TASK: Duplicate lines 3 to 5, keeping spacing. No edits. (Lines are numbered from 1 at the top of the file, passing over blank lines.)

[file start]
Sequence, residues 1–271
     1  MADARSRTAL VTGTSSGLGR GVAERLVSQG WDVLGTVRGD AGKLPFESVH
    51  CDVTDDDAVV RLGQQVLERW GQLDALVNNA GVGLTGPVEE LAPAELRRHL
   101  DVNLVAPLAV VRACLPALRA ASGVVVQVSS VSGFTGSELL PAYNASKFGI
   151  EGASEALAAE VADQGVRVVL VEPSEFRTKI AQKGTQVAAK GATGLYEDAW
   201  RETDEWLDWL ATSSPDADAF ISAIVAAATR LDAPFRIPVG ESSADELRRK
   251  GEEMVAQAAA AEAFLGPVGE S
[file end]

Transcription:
    51  CDVTDDDAVV RLGQQVLERW GQLDALVNNA GVGLTGPVEE LAPAELRRHL
   101  DVNLVAPLAV VRACLPALRA ASGVVVQVSS VSGFTGSELL PAYNASKFGI
   151  EGASEALAAE VADQGVRVVL VEPSEFRTKI AQKGTQVAAK GATGLYEDAW